2 arrested in fatal Ohio shooting
Updated: 2011-02-07 08:28
YOUNGSTOWN, Ohio – Two men have been arrested and charged in a shooting at an Ohio fraternity house that killed one student and injured 11 people at a party near Youngstown State University campus, police said Sunday.
What appears to be blood stains the street near the scene of an early morning shooting at a house just north of the Youngstown State University campus that left student Jamail E. Johnson, 25 of Youngstown, dead and 11 injured, In Youngstown, Ohio Sunday, Feb. 6, 2011. [Photo/Xinhua]
Each man is charged with aggravated murder, shooting into a house and 11 counts of felonious assault, Youngstown police Chief Jimmy Hughes said.
Hughes said he wasn't sure if either man has a criminal record.
The suspects were involved in a dispute at the party, left the event, then returned and began firing outside the house, which had been bustling with 50 or more people early Sunday, he said.
"These guys were in the location for a little while before the shooting occurred," he said. "Something happened that they became unhappy. They had some type of altercation."
The Mahoning County coroner's office identified the dead student as 25-year-old Jamail E. Johnson. He was shot once in the head and multiple times on his hips and legs, and an autopsy is planned Monday, said Dr. Joseph Ohr, a forensic pathologist with the coroner's office.
The 11 people who were hurt ranged in age from 17 to 31, and about half of them were shot in the foot, police said. Two were hit in the abdomen, and the most seriously hurt was a 17-year-old who had a critical wound near one ear.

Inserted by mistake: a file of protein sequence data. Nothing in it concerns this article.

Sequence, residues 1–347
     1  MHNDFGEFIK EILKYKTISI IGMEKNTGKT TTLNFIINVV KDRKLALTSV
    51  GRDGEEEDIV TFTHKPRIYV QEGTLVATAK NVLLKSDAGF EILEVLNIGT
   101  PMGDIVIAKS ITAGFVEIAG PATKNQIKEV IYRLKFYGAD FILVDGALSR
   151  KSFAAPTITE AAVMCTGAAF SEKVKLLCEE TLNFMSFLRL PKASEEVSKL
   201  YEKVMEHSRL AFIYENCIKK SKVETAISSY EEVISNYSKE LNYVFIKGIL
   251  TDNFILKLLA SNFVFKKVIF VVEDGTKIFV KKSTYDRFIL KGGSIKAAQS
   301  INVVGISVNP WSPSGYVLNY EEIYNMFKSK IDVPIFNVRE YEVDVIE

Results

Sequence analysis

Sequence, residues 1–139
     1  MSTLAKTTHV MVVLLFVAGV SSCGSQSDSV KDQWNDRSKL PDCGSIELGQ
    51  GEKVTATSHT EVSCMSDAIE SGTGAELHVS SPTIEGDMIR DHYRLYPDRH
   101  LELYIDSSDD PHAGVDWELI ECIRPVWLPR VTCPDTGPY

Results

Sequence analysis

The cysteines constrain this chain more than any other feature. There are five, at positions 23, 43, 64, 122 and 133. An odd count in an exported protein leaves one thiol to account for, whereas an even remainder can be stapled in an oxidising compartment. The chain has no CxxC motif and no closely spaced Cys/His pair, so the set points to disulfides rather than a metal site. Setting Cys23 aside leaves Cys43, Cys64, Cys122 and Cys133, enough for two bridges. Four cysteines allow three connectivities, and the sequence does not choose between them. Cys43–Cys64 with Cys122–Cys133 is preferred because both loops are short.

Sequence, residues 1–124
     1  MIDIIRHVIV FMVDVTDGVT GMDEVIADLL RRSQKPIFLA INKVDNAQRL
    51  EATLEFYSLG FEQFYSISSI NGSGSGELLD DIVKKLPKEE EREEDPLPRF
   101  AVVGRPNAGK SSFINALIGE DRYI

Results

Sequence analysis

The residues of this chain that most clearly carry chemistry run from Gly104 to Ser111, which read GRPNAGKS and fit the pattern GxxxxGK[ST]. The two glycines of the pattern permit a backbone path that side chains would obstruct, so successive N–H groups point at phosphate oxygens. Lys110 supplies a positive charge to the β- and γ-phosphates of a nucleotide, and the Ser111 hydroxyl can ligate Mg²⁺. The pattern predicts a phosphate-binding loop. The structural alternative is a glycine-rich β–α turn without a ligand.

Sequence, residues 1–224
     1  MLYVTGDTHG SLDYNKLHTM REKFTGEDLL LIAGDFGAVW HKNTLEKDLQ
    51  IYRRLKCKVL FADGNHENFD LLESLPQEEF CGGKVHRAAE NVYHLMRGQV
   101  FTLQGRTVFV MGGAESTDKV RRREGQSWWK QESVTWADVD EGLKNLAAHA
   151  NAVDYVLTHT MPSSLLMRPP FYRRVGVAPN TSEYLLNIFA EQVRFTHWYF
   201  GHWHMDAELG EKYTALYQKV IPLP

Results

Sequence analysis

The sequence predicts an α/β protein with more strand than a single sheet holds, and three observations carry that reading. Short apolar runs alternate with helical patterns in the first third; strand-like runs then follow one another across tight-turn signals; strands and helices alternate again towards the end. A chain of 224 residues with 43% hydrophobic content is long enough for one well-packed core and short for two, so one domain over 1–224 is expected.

They were taken to nearby St. Elizabeth Health Center, and eight of them had been treated and released by afternoon, hospital spokeswoman Tina Creighton said. She said she could not release the conditions of the other three.
The university said six of the injured were students.
Members of the university-sanctioned Omega Psi Phi fraternity lived at the house, YSU spokesman Ron Cole said.
Omega Psi Phi doesn't own the house, said Christopher Cooper, a legal officer for the fraternity.
"This is one of those days that every university president across the country, as well as many other officials, always dread," university president Cynthia Anderson said at a news conference on campus.
Anderson said she had been assured by police that there was no threat to the northeast Ohio campus.
The shooting happened at a two-story brick house in a neighborhood of once-elegant homes, many of which are now boarded up. No one answered a knock at the door Sunday afternoon.
A neighbor, Rodger Brown, 54, said the house and an adjacent home with Greek lettering indicating a fraternity often have parties on Friday and Saturday nights but had caused no problems in the neighborhood.
"It's a nice, quiet neighborhood," he said. Brown said men living in the house were friendly to him and once offered him a beer and a ride as he walked home last fall.
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